March Hares & Easter Eggs: new exhibition opens at World Land Trust gallery SEARCH NEWS

A new exhibition at World Land Trust gallery in Halesworth celebrates the hare in spring time.

Today we associate eggs and bunnies with Easter, but in fact the tradition dates back to the pre-Christian period when hares (not rabbits) were thought to lay eggs!

The shallow hollows or ‘forms’ used by hares to rest and rear their young are similar to the nests of ground nesting birds such as lapwings and plovers, which are commonly found on open grassland or arable farmland.

Due to this similarity, people would sometimes find eggs in what looked like hare forms! This gave rise to the belief that hares laid eggs in spring, and explains Pagan myths about mysterious egg-laying hares.

The hare was a common motif in medieval church art, and remains enduringly popular today.

The exhibition March Hares & Easter Eggs celebrates the popular Brown Hare – still a familiar sight in the Suffolk countryside – along with beautifully painted depictions of birds’ eggs and nests.

World Land Trust (WLT) is an international conservation charity that takes direct action to save rainforest and other wildlife habitats. WLT gallery reflects the Trust’s concern for conservation and the environment. A wide range of wildlife and landscape art is on display, much of which is created by artists working in East Anglia.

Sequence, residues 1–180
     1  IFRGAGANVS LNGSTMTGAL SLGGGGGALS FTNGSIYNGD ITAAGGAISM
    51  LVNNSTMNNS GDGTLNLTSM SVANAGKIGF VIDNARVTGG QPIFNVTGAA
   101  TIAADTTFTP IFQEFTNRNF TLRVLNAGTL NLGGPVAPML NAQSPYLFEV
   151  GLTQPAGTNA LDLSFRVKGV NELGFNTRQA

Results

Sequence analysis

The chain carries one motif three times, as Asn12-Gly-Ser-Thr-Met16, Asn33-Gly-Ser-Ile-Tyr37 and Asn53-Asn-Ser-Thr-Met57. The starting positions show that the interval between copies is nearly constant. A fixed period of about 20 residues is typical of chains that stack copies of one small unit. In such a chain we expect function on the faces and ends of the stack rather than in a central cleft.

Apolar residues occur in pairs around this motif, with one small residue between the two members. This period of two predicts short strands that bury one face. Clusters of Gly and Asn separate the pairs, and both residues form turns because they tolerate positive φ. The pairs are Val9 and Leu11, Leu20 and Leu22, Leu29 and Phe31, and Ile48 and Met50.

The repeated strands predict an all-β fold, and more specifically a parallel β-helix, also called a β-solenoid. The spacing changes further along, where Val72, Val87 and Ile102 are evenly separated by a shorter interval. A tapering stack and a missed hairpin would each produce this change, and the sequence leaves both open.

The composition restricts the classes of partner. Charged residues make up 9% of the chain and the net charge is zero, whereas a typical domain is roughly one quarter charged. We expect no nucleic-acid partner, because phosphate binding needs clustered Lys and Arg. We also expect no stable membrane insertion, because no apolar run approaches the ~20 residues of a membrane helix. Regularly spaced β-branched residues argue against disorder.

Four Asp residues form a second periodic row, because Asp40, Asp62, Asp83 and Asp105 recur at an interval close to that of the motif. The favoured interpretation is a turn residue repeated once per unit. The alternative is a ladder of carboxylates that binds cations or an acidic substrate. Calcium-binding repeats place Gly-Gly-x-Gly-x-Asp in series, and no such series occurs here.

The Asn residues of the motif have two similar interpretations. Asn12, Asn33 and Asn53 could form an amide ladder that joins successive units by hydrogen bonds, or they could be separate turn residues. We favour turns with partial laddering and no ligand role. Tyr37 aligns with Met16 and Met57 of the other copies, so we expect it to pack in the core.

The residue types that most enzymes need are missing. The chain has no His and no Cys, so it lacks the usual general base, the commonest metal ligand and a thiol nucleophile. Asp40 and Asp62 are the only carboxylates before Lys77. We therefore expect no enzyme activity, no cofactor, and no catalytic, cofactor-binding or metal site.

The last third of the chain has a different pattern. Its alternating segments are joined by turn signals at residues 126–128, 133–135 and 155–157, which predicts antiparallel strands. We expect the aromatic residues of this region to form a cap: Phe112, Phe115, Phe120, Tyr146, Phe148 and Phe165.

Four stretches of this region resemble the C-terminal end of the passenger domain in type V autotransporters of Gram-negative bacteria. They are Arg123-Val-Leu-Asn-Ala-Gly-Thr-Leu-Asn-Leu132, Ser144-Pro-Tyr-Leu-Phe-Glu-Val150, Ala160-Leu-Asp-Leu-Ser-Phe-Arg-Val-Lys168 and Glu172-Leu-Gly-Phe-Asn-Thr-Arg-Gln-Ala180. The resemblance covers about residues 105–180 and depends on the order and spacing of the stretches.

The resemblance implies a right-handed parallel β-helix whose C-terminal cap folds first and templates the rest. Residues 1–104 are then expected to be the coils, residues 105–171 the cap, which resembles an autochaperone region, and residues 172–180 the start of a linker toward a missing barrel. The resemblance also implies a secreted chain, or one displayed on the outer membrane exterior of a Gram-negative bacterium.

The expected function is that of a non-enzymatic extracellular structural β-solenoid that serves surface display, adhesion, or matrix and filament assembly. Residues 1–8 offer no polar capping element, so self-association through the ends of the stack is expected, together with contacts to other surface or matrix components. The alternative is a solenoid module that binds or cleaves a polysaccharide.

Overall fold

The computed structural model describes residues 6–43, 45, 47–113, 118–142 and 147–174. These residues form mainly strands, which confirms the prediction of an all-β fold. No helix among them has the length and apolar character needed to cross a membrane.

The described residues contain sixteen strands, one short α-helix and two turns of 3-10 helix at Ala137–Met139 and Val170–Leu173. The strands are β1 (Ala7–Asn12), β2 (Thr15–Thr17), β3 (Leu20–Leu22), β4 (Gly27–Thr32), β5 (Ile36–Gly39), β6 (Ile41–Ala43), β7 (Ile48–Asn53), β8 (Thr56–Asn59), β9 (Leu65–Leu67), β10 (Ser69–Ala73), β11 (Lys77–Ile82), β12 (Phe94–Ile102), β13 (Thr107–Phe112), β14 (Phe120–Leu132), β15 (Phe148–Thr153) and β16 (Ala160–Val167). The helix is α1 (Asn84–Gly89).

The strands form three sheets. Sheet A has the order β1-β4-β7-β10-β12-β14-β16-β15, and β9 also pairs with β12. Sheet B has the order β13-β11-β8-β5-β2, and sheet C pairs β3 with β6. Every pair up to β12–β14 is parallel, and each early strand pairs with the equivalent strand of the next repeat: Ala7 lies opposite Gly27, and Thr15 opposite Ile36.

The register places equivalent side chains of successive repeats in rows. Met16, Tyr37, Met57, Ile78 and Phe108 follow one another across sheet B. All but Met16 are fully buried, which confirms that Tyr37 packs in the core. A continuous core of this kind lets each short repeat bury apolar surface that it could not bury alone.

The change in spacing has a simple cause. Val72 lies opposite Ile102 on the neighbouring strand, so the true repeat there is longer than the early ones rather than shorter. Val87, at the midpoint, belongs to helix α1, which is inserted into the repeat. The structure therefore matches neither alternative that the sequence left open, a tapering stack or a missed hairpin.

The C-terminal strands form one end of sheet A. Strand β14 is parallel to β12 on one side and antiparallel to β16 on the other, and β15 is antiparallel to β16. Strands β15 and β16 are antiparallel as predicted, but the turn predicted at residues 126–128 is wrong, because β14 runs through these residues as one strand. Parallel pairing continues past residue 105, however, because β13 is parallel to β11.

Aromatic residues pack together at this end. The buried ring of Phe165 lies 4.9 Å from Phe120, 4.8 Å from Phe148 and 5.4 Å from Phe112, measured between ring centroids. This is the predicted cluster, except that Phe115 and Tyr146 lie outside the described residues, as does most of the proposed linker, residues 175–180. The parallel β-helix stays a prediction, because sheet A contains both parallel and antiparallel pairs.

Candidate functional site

The themes of the exhibitions also serve as a reminder that wildlife and natural landscapes in the UK are under threat. Intensive farming, destruction of habitat and urban growth all have far-reaching effects on wildlife. The Brown Hare – our most poignant symbol of spring – is now in major decline. So too are many of the most common British birds.

Artists contributing to this exhibition include Jan Adgie, Kate and Hannah Breach, Marie Brown, David Cemmick, Leo du Feu, Yvonne Forster, Ian Griffiths, Jan Houchen, Izzy Hutchison, Yvonne Lamden Cooper, Sharon McMullin,  Andrew Pitt, Lesley Pyke, Susan Smith, Mary Woodin and Jonathan Yule.

Local grass engraver Lesley Pyke has made a video featuring a piece she made especially for the exhibition. The video, which is available on YouTube, shows all the stages in the engraving process »

Matt Duran’s dramatic beehive sculpture made of glass is also on display in the gallery until 2 April.

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